September 23, 2020
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Rushkoff emphasizes humanity in digital age

By Kelsey Wojdyla
Correspondent

In a world consumed with digital media, Douglas Rushkoff is on team human. Rushkoff argued for human intervention in his talk, “Program or Be Programmed: Play, Participation and Power in a Digital Age,” in the Mayo Concert Hall on Wednesday, March 19.

Rushkoff emphasizes creativity. (Courtney Wirths / Photo Editor)
Rushkoff emphasizes creativity. (Courtney Wirths / Photo Editor)

Instead of living in a “read-only” society, Rushkoff encouraged students to use their “read/write capability” by being an active participant in all aspects of life.

“The only reason you’re not allowed to do something is because you can do it,” Rushkoff said.

He argued that knowing how to use computers but not how to program them is a “tragic mistake,” because once computers are capable of surpassing humanity, as seen in the movie “Her,” people will only be needed to use them and will thus fade into the background.

“His ideas on technology’s significance to society were entertaining and insightful,” junior elementary education and psychology dual major Kristen Pizzolo said. “He really related to the college student.”

In his most recent PBS Frontline documentary, “Generation Like,” Rushkoff explored the irony of living in a world where likes are common currency. While having a personal space to express ourselves is meant to be empowering, it actually leads us to change our values and behavior to get more likes.

Thus, Rushkoff inspired students to be the drivers of their lives, not computerized passengers in a digital age.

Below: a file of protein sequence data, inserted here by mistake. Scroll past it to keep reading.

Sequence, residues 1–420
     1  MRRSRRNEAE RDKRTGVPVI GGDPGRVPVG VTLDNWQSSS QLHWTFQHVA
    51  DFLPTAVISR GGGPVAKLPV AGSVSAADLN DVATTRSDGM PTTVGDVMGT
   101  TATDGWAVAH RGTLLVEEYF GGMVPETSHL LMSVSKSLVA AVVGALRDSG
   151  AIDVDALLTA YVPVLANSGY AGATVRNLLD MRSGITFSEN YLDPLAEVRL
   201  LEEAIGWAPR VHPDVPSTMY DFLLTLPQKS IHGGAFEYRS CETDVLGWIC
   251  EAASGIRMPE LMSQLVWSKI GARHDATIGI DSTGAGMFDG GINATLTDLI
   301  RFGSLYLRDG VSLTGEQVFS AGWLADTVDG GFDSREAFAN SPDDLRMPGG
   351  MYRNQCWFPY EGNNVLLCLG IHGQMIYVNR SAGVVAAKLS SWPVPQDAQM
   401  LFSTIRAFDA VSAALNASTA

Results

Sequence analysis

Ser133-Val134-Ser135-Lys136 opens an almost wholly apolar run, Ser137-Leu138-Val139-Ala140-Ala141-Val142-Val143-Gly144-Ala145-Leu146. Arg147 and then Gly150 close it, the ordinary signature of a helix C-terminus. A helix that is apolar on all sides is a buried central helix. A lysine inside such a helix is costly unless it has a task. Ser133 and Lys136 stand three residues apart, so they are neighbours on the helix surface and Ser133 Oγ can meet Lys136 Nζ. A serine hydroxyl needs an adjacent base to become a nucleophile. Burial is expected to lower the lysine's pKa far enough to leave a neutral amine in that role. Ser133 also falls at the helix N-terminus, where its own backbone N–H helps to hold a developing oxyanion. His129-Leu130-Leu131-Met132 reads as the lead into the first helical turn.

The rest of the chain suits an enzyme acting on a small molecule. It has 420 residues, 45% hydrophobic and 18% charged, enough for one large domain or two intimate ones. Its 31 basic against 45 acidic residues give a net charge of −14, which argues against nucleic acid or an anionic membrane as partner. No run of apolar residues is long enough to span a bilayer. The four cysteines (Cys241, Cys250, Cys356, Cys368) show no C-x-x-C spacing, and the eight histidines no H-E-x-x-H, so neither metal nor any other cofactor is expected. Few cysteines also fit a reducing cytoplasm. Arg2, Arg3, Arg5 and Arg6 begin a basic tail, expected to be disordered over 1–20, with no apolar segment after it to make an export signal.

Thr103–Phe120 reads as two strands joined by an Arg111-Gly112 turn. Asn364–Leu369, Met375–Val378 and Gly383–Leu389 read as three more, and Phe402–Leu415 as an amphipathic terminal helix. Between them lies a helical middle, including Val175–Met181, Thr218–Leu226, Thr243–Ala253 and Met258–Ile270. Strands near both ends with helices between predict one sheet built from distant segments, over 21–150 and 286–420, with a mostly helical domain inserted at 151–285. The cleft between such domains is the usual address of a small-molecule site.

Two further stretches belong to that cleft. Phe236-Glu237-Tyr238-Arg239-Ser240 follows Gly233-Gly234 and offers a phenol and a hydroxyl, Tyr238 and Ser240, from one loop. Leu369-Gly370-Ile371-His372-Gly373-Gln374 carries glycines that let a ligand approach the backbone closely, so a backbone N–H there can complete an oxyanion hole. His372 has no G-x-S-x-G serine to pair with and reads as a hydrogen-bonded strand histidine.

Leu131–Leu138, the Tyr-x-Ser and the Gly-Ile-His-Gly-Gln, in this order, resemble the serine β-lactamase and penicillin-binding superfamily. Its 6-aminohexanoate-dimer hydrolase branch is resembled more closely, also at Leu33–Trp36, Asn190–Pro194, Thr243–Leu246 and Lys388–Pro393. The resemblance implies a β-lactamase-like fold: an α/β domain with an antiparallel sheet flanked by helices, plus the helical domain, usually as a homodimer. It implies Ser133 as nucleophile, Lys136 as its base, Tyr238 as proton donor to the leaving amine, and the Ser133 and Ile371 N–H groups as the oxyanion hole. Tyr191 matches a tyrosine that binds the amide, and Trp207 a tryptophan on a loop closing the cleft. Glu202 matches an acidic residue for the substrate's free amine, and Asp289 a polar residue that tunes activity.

“I do not trust Zuckerberg or Gates to take me to the nearest supermarket,” Rushkoff said.

Rather than relying on the “great minds that came up with crap like Facebook,” Rushkoff told students to employ themselves instead. Rushkoff joked that there are not many great employment opportunities out there, and urged students to use their time in college to figure out how to create rather than conform.

“It wasn’t what I was expecting,” junior elementary education and psychology dual major Paige Ennis said. “He made me want to reevaluate what I’m doing with my life, and inspired me to do what I love.”

According to Rushkoff, we live in a time- and efficiency-based culture, but digital is not time — it is creativity.

“Your real career is one app away, one idea away,” Rushkoff said.

Rushkoff is the author of several bestselling books on digital media and popular culture, including “Program or Be Programmed: Ten Commands for a Digital Age,” “Digital Nation” and the novel “Ecstasy Club.” In addition, Rushkoff is a graphic novelist, columnist, teacher and creator of multiple award-winning PBS Frontline documentaries.

His work focuses on the importance of remaining team human and not getting caught up in a mindless digital age.

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